Had to compromise his principle of national self-determination

    • B. 

      Remained true to his core values

    • C. 

      Only compromised when it benefited America

    • D. 

      Demanded that Democratic states must be established

  • 38. 
    The German delegation at Versailles objected most bitterly to:
    • A. 

      England’s attempt to arrest a young politician named Adolph Hitler

    • B. 

      The reparations to be paid to the United States

    • C. 

      Reparations for the entire war

    • D. 

      Reparations for only civilian damages

  • 39. 
    What was the virulent menace that Americans faced in the postwar period and that caused more casualties than the war itself?
    • A. 

      Communism

    • B. 

      Socialism

    • C. 

      The Spanish flu

    • D. 

      The atomic bomb

  • 40. 
    • A. 

      Struck the United States in 1913

    • B. 

      Killed five times the number of Americans as died of combat deaths in France

    • C. 

      Ended suddenly in 1914

    • D. 

      Killed almost half of Pershing’s army in Mexico

  • 41. 
    William Z. Foster is best associated with:
    • A. 

      Boston police strike of 1919

    • B. 

      Homestead strike of 1892

    • C. 

      Racial rioting during World War I

    • D. 

      U.S. Steel strike of 1919

  • 42. 
    The 1919 police strike in Boston:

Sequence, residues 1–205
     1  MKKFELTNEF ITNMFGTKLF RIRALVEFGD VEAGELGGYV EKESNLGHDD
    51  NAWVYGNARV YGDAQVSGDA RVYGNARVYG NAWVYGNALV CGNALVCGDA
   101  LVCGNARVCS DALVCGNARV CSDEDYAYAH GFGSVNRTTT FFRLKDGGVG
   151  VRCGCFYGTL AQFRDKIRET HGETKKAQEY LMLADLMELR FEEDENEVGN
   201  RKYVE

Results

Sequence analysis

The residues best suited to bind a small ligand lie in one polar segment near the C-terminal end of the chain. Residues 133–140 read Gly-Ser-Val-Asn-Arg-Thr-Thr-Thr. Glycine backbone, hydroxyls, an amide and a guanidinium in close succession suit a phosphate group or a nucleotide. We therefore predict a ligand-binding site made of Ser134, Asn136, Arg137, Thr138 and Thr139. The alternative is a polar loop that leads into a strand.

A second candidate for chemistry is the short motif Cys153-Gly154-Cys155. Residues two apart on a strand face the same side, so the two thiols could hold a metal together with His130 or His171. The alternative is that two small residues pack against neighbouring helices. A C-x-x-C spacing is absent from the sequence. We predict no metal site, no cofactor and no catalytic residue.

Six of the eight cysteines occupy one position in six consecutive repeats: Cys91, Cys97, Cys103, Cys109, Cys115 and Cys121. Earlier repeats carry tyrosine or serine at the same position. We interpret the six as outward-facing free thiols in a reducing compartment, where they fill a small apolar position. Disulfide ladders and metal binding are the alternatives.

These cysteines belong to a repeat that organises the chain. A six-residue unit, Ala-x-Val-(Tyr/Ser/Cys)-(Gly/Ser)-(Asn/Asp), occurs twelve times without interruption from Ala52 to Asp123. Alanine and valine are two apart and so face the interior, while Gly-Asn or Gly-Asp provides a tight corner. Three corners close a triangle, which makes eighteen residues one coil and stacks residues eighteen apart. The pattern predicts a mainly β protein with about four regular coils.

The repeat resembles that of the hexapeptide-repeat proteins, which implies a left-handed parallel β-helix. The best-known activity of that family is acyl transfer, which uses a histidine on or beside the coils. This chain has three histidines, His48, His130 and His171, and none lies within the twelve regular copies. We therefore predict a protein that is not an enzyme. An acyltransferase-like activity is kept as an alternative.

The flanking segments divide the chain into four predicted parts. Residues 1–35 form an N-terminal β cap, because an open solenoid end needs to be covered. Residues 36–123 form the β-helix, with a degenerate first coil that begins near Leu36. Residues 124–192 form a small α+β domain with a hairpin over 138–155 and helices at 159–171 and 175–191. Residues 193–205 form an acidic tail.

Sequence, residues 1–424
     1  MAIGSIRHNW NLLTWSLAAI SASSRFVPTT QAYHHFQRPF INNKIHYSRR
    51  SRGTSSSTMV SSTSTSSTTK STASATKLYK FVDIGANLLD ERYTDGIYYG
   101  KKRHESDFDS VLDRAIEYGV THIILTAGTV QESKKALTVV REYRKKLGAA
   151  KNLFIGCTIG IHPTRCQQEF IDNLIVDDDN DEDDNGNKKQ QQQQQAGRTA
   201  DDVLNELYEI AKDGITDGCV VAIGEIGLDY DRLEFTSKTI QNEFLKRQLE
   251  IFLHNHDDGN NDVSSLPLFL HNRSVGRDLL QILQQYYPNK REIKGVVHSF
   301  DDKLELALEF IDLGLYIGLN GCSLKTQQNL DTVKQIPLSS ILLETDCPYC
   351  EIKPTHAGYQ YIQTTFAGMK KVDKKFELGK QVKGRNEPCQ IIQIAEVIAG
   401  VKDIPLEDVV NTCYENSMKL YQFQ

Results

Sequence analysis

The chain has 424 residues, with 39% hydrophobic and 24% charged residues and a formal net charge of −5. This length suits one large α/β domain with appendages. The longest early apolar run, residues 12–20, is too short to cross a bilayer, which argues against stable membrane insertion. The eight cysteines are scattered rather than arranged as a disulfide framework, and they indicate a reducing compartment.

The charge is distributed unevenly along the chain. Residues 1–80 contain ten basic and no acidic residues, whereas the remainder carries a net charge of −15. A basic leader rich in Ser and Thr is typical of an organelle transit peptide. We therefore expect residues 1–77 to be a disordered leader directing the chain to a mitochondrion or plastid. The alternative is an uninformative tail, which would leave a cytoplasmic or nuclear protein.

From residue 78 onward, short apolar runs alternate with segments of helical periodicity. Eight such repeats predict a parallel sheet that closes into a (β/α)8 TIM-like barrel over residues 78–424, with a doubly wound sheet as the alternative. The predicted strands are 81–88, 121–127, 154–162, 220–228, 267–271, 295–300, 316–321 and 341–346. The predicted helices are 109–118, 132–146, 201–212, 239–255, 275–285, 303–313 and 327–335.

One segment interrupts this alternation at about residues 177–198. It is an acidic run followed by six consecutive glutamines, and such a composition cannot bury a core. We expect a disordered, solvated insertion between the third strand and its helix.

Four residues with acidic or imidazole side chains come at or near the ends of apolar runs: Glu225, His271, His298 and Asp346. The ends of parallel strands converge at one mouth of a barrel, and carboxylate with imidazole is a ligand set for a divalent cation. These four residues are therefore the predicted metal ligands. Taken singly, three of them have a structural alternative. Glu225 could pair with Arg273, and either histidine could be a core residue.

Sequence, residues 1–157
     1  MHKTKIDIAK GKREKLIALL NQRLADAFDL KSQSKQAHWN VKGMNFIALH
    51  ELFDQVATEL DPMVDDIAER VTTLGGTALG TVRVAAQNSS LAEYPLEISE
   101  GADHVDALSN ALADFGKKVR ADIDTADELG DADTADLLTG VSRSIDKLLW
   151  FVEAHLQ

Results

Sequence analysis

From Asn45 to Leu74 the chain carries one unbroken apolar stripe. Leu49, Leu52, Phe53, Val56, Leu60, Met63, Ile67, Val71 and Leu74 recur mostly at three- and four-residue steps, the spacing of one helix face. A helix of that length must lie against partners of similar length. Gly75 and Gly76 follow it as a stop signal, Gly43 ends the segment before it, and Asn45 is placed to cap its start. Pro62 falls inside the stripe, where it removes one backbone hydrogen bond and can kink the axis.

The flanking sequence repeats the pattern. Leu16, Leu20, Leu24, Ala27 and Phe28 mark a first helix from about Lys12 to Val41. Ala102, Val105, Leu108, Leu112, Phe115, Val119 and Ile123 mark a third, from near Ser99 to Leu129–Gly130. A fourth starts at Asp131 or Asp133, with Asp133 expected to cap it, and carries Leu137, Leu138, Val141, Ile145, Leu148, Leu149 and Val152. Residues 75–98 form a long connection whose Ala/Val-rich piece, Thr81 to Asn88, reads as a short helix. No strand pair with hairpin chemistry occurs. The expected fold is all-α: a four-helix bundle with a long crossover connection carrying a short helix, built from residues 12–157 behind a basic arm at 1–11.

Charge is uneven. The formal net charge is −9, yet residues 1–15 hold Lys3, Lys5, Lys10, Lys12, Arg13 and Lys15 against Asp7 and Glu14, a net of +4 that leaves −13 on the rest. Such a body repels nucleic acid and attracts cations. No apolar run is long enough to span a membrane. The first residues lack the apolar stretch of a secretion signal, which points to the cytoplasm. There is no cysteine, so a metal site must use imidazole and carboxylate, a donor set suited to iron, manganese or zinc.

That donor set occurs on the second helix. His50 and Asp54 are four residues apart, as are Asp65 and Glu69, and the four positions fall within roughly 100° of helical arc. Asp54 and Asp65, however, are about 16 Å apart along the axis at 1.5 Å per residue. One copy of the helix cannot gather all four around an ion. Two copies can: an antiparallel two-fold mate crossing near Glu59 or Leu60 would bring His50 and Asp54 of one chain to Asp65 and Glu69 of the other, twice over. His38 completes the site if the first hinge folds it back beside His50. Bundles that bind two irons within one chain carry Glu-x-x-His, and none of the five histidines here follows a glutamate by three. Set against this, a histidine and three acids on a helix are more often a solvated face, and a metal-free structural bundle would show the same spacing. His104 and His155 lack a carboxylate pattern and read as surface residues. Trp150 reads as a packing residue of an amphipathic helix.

• A. 

      Began when several officers protested their long hours and small pay by calling in sick

    • B. 

      Was settled when both sides agreed to submit to an arbitration panel

    • C. 

      Inadvertently launched a presidential career

    • D. 

      Launched the career of J. Edgar Hoover

  • 43. 
    A race riot in which 38 people were killed and over 500 injured took place in July 1919 in:
    • A. 

      Albany, New York

    • B. 

      Chicago, Illinois

    • C. 

      Birmingham, Alabama

    • D. 

      Cleveland, Ohio

  • 44. 
    The Red Scare of 1919–1920 reflected the:
    • A. 

      Massive steel strikes around Chicago and in western Pennsylvania

    • B. 

      Tremendous growth of the Socialist party during World War I

    • C. 

      Impact of the Bolshevik Revolution in Russia and the actions of a “lunatic fringe” in the United States

    • D. 

      Demobilization of the American army

  • 45. 
    The Red Scare of 1919–1920 was directed against:
    • A. 

      The Ku Klux Klan

    • B. 

      Blacks

    • C. 

      Labor unions

    • D. 

      Socialists and communists

  • 46. 
    In an effort to topple Victoriano Huerta’s dictatorial government in Mexico, President Wilson:
    • A.